Is Your Seller Not Moved Out After The Closing?
Once you purchase a home, the last thing you anticipate is the prior owner not being moved out once you have closed on your mortgage and are ready to move in. The first thing you should know is there are ways to prevent this problem prior to closing on your mortgage. When drawing up a purchase and sale agreement, it is possible to include clauses that cover:
- Moving out date: Generally speaking, it is a good idea to include a date at least 2 days prior to your anticipated closing and request an inspection of the property to ensure compliance
- Penalties for not vacating: Clauses in the purchase and sale agreement can explain what monetary penalties the seller will face for not vacating the property
- Legal actions: Buyers have the right to include language that explains what legal actions they may take if the seller fails to vacate the property along with language explaining the seller will be responsible for the legal costs
While this may be helpful before you close on your property, occasionally buyers who have already closed may not have had these clauses in their purchase and sale agreement and still need to proceed to get the seller out of the home so they are able to move in. The legal process for this is very similar to the process a landlord would use to evict a tenant from a Pennsylvania property.
What To Do When The HoldOver Seller Won’t Move
Under normal circumstances, sellers would be moved from the property prior to closing. However, when they do not move, the term that is commonly used is “holdover seller”. Basically it means the new buyer is unable to take possession of the premises they purchased because the seller has refused to leave. While it may be appropriate to speak with the seller and negotiate an equitable solution, there may be cases where an agreeable resolution cannot be reached. When this occurs, the buyer may be able to take legal action. The legal action in this case would be much the same as a landlord/tenant dispute and would be handled under the Pennsylvania’s Landlord and Tenant Act, specifically the section known as “trespasser in possession”.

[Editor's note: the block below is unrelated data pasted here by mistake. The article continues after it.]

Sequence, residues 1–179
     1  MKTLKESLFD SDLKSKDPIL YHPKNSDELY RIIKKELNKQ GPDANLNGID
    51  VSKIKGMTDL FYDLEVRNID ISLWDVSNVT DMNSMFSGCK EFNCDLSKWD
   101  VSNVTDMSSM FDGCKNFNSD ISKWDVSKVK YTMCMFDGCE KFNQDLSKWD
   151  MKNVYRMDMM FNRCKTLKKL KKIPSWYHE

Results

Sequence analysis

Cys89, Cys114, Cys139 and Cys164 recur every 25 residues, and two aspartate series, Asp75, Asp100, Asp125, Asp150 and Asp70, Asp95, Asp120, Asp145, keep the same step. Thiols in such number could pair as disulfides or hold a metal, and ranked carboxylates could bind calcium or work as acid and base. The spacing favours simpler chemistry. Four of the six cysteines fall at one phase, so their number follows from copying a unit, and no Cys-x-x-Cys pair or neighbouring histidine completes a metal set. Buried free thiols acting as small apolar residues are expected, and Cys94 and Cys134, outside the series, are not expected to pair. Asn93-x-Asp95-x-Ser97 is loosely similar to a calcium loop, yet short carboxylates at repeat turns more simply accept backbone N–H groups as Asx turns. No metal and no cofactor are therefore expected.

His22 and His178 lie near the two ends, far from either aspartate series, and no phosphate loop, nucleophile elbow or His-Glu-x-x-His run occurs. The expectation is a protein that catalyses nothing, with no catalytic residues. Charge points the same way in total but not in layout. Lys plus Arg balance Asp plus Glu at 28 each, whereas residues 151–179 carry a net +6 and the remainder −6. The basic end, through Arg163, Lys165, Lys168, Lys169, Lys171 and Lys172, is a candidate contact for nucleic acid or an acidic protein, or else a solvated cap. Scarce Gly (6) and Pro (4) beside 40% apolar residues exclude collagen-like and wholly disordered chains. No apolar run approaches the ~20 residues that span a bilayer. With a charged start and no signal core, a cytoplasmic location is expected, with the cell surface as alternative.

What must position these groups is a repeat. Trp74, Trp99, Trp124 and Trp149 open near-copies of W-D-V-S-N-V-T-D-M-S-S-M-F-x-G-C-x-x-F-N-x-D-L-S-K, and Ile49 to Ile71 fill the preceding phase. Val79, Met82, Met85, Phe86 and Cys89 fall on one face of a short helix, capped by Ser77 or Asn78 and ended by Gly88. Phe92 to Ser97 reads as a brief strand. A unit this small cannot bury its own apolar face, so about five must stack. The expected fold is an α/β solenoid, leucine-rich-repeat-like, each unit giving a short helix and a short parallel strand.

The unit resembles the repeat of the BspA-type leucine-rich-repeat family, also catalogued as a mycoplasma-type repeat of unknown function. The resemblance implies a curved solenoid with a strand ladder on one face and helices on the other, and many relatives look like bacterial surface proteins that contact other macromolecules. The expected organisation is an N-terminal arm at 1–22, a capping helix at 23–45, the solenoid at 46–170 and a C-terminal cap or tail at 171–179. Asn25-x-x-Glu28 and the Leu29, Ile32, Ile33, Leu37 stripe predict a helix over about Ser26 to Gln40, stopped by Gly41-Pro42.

As a property owner, you will need to seek the guidance of an attorney who is well-versed in real estate law in order to lodge proceedings against the seller. During the time when the seller owns the property, you will also have to determine who is legally responsible for maintaining property and casualty insurance, whether or not they will be responsible for payment of rent (or your mortgage), and other financial considerations. These are important considerations that may have a negative impact on you, as the new buyer, financially.
The Consequences Of A Holdover Seller
The longer the seller stays in the property after closing, the more challenges you are going to be faced with. Keep in mind, the process for removing them from the property is exactly the same as a landlord evicting a tenant. Your legal rights include securing a reasonable rent, getting reimbursed for any damages that might be caused while they are residing in the property and may also include any financial expenses you incurred while staying someplace while waiting for them to move out. The court may also require the holdover seller to pay your legal expenses for getting them out of the home.
The legal process for removing a holdover seller can be very complex and time-consuming and any mistakes that are made can cost you additional money and time. You need a strong advocate on your side to protect your rights. You purchased a property in good faith and the seller does not have a legal right to continue residing in the property.